The CRIA is known for taking on BitTorrent sites. In the past year they have threatened Demonoid and other BitTorrent sites, and taken legal action against QuebecTorrent. Now, they have set their sights on isoHunt, one of the largest BitTorrent sites on the Internet, but this might just backfire.
In May 2008, isoHunt received a Cease and Desist letter from the CRIA, in which they demanded that isoHunt founder Gary Fung should take the site offline. If Fung didn’t comply, the CRIA said it would pursue legal action, and demand $20,000 for each sound recording the site has infringed.
A similar tactic worked against Demonoid, but the isoHunt founder didn’t back down so easily. “We have since tried to come to an understanding, but just as with the MPAA in the US, they ignored our offers of cooperation by the take down of .torrent links to their content files, so long as they provide sufficient identification,” Gary Fung told TorrentFreak.
Fung has pointed out that, like most other BitTorrent sites, isoHunt has a Copyright Policy, and takes down .torrent files when they receive an appropriate request. The CRIA simply ignored this, even though they have sent correct takedown notices to isoHunt before (and isoHunt complied), and continued to threaten with legal action.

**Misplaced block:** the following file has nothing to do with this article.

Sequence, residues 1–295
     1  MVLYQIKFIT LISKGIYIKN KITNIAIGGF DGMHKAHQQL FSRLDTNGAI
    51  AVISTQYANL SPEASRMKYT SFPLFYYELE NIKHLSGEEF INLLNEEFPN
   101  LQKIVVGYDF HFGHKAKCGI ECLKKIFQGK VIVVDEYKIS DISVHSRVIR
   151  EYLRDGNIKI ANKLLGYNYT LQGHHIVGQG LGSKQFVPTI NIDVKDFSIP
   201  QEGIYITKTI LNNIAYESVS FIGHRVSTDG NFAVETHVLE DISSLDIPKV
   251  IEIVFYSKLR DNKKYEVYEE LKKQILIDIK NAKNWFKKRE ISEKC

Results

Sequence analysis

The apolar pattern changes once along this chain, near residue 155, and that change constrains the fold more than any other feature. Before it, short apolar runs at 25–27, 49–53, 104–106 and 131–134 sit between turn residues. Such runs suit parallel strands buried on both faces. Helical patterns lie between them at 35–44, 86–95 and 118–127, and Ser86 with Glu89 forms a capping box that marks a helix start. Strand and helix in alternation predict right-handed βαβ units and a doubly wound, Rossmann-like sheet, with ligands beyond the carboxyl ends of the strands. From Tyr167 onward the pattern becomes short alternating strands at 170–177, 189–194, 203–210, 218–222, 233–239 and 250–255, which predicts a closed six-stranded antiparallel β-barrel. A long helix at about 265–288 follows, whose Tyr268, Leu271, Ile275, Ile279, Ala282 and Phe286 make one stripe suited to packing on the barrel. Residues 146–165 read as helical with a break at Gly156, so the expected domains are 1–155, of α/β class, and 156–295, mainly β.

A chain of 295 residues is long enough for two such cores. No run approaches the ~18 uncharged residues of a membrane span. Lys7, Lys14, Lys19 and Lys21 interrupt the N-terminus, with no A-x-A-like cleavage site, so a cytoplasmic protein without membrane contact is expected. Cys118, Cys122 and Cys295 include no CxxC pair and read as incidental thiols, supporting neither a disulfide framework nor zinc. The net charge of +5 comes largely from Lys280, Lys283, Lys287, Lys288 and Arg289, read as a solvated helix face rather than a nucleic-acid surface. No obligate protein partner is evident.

As an act of self-defense, isoHunt has decided to sue the CRIA instead, and today Fung will file a petition (pdf) to ask the Court of British Columbia to confirm that isoHunt –and sister sites Torrentbox and Podtropolis– do not infringe copyright. “This is our preemptive strike with a narrowly defined petition for Declaratory Relief that we do not infringe, in anticipation they are going to file their own lawsuit that we do infringe (their copyright),” Fung told TorrentFreak.
“Our petition summarizes BitTorrent technology, its open nature and a whole ecosystem of websites and operators that has developed around it, that CRIA does not own copyright to all files distributed over BitTorrent or on isoHunt websites, and we seek legal validation that we can continue to innovate within this emerging BitTorrent ecosystem on the Internet.”
“Think of this as a follow up to the QuebecTorrent case,” Fung says. “We intend to take this all the way up to the Canadian Supreme Court unless CRIA settles with us out of court in any reasonable way,” Fung added.
This is the first case worldwide where a court will be asked to decide whether .torrent files, and BitTorrent search engines in particular, are infringing copyright or not. Among other things, isoHunt argues that they are just a search engine, like Google, and that they have no control over the files they find elsewhere on the web. The site is indexing other BitTorrent trackers and indexers, without human intervention, and allows its users to find content that is scattered across the web.
So, should BitTorrent search engines be held liable for the .torrent files that might point to copyrighted data? If so, what does this mean for other search engines, and sites such as YouTube? This landmark case might be the one to define how files can be distributed online, let’s hope the Court of British Columbia will make the right decision.